HJR 273: Joint Subcommittee Studying Prisoner Reentry Into Society
September 12, 2005
The second meeting
of the Joint Subcommittee Studying the Commonwealth's Program for
Prisoner Reentry to Society was held in Richmond on September 12 at the
General Assembly Building.
HOUSING AND HOMELESS
ASSISTANCE PROGRAMS AND EX-OFFENDERS
Nikki Nicholau, Deputy
Director of Housing, Virginia Department of Housing and Community Development
(DHCD), provided an overview of housing and homeless assistance resources
in the Commonwealth.
- HOME funds, awarded
by the U.S. Department of Housing and Urban Development (HUD), are distributed
through DHCD. Virginia sets aside these funds for projects targeted
at transitional housing focused on single room occupancy (SRO). Federal
HOME funds were also used for a tenant-based rental assistance pilot
- Virginia Balance
of State Continuum of Care application for funding for new permanent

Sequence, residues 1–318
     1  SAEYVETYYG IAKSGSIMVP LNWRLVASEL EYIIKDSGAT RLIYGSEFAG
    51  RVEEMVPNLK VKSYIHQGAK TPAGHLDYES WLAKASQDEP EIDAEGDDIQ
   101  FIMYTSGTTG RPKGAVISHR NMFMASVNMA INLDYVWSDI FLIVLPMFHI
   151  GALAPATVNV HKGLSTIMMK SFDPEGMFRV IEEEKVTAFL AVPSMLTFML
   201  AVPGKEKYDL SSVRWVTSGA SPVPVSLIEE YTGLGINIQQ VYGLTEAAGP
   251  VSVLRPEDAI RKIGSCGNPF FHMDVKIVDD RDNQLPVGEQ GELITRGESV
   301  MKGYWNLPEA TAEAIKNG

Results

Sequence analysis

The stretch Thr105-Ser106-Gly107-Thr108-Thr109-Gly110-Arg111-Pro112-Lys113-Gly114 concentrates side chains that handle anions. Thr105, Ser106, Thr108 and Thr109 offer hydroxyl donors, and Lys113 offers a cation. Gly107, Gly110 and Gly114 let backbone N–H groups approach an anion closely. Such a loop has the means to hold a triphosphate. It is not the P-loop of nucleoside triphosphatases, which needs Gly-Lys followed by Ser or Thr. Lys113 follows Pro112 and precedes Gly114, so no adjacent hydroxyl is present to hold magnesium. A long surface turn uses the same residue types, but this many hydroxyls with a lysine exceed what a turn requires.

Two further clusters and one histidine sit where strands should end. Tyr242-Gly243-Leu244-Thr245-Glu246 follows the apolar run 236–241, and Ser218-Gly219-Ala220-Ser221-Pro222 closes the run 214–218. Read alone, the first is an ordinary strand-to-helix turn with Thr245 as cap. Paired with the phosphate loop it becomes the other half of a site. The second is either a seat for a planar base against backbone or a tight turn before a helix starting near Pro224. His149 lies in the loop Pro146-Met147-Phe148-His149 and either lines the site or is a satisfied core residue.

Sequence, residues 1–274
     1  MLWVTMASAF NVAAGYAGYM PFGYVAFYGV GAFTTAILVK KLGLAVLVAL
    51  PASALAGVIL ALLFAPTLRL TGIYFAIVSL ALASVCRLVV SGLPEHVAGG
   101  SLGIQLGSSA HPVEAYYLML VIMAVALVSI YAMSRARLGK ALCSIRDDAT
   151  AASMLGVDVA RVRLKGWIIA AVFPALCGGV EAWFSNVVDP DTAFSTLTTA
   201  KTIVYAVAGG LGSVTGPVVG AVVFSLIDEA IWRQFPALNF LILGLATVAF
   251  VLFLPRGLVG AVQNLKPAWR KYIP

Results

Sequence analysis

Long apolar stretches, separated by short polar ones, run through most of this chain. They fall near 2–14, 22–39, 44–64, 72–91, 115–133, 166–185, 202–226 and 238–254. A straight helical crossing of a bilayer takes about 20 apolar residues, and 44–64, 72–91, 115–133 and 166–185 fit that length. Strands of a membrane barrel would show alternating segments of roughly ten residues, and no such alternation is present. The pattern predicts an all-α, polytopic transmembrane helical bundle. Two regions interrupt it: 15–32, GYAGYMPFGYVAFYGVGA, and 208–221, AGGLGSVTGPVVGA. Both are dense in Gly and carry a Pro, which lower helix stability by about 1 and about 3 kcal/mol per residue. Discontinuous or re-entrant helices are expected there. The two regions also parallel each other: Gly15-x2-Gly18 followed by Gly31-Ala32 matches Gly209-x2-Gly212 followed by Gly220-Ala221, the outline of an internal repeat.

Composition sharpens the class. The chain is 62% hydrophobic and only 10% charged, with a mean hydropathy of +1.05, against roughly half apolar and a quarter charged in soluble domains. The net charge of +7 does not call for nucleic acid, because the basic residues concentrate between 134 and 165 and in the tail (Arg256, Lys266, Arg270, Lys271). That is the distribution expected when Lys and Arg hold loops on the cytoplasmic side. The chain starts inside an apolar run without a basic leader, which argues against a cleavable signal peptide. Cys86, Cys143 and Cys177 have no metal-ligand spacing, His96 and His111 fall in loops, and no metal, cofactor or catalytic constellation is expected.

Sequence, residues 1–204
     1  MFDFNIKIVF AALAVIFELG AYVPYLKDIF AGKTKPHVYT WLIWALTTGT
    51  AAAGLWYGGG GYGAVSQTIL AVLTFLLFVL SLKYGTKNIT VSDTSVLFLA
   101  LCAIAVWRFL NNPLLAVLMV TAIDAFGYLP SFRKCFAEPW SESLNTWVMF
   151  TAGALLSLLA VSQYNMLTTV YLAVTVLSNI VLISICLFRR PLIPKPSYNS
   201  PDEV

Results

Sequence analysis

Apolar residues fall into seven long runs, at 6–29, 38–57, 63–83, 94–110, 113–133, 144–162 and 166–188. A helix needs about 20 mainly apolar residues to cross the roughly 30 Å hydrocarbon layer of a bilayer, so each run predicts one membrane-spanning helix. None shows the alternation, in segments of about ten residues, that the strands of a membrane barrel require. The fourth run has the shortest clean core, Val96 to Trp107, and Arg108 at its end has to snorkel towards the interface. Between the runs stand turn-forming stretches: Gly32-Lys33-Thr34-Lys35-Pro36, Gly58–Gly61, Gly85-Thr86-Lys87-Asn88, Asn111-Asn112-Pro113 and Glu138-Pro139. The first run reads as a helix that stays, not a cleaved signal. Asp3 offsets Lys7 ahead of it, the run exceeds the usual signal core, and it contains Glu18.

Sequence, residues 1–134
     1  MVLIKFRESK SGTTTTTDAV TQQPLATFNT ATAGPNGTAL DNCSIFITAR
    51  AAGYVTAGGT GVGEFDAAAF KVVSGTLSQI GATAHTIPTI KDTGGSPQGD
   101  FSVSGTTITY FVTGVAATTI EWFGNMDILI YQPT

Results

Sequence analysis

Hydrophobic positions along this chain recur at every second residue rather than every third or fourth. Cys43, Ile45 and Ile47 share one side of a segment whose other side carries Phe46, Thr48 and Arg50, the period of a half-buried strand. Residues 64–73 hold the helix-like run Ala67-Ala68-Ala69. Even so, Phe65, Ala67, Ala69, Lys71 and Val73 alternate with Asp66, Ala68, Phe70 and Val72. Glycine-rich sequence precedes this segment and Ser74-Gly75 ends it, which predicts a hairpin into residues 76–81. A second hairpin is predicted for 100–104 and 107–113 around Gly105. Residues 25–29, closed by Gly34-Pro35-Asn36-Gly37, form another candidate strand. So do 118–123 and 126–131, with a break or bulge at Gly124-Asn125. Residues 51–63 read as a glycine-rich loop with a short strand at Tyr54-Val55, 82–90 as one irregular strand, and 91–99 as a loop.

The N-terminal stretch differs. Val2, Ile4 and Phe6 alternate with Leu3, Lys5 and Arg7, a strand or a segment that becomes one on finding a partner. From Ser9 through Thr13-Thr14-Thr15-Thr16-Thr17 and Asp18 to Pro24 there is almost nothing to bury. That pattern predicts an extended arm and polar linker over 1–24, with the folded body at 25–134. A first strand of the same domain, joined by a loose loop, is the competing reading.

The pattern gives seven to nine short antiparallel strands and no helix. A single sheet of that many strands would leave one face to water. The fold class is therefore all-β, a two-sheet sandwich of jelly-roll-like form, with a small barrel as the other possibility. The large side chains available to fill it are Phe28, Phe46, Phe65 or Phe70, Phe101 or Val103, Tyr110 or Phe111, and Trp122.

and transitional housing for homeless people will provide over $1 million
for permanent supportive housing.
- SRO Pre-Development
Fund received $300,000 from the 2005 General
Assembly, which could fund start-up costs associated with at least six
- Homeless Intervention
Prevention program provides from four to six months of rental assistance.
- Emergency Shelter
Program is a limited resource for ex-offenders because there are fewer
male shelters and the shelters often do not take persons with criminal
Ms. Nicholau identified
the following significant challenges for ex-offenders:
cards for persons who are homeless because of the requirement to have
a residence in order to get an identification card.
- Housing for sex
- Reuniting with
families in public housing because the local housing authorities generally
have restrictions on housing ex-offenders.
- Cutbacks in federal